mise à jour du
13 mars 2002
 Psychonomic Bulletin & Review
 cas cliniques
On yawning and its functions
Ronald Baenninger
Department of psychology and biology, Temple University
Philadelphia Pennsylvania
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The forms and behavioral correlates of yawning are described, and the phylogenetic and ontogenetic aspects of the act are examined with particular attention to its possible functions. Much evidence supports the view that yawning is an important mediator of behavioral arousal levels, a view that is further strengthened by a review of endocrine, neurotransmitter, and pharmacological mechanisms of yawning: A major function of yawning appears to involve maintenance or increase of arousal when environments provide relatively little stimulation.

Why do humans and many other species of mammals, birds, fish, amphibians, and reptiles perform the elaborate behavioral display that we call a yawn? In this review I examine research on yawning by psychologists, pharmacologists, ethologists, and neuroscientists during the past century, paying particular attention to the possible role of yawning in regulating arousal.

Respiration or Arousal ?

Yawning may have different functions in different species, but on the basis of evidence reviewed in this paper, I suggest that yawning is one important way of regulating arousal in a remarkable variety of species, including humans. In particular, according to this hypothesis, yawning is likely in situations where wakefulness and the maintenance of arousal level are important, but where the environment is relatively unstimulating. Arousal permits vigilance, attentiveness, and wakefulness, and is typically measured in terms of motor activity and physiological variables such as heart rate, galvanic skin response, electroencephalogram (EEG), or muscle tension.

The Oxford English Dictionary describes yawning in the context of boredom, whereas Gray's Anatomy (Clemente, 1985) and the Encyclopedia of Human Biology (Dulbecco, 199 ) do not even show yawning in their indexes. To the extent that they consider it at all, most lay people and physicians appear to believe that yawning is a respiratory phenomenon, a way to get oxygen to the brain (Greco, Baenninger, & Govern, 1993). In fact, there is meager evidence for this respiratory hypothesis and, on the basis of this review, it appears to be an incomplete explanation at best.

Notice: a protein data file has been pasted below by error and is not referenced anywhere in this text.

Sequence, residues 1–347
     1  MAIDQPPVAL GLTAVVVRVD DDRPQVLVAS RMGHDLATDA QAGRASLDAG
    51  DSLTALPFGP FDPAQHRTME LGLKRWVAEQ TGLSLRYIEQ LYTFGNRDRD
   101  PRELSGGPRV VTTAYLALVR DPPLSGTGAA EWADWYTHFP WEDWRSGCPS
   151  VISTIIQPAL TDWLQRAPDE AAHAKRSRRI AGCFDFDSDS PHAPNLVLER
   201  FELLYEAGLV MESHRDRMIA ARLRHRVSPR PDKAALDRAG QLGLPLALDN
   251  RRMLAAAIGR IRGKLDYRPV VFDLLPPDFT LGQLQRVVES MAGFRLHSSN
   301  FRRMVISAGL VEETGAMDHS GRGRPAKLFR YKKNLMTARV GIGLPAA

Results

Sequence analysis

Ordinary behavioral acts such as yawning, laughing, crying, scratching, belching, sneezing, or sighing are rarely studied per se in any detail by psychologies, except insofar as they communicate or express something to others about an individual's state. Niko Tinbergen, the Nobel Prize winning ethologist, suggested in 1963 that the analysis of any behavioral act should include four basic aspects: (1) the way in which the act develops normally in individuals and the extent to which it becomes modified during ontogeny; (2) its evolution and phylogenetic history; (3) mechanisms underlying the behavior, including its physiology and the stimuli that elicit it; (4) its functions or adaptive value for individuals and species. In this review, a thorough description of yawning and its behavioral correlates in several species is followed by an examination of its ontogeny, phylogeny, and underlying mechanisms. The thread used to tie all the diverse data and observations together is the basic hypothesis that a major function of yawning is to regulate levels of arousal..............

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voir aussi
Baenninger R, Binkley S, Baenninger M Field observations of yawning and activity in humans.
Baenninger R On yawning and its functions
Baenninger R, Greco M Some antecedents and consequences of yawning
Greco M, Baenninger R On the context of yawning: when, where, and why ?
Baenninger R Some comparative aspects of yawning in Betta sleepnes, Homo Sapiens, Pantera leo and Papio sphinx
Greco M , Baenninger R Effects of yawning and related actvities on skin conductance and heart rate
Is yawning an arousal defense reflex ? Askenasy JJ
Yawning in old world monkey, Macaca nigra, Hadidian J Behaviour 1980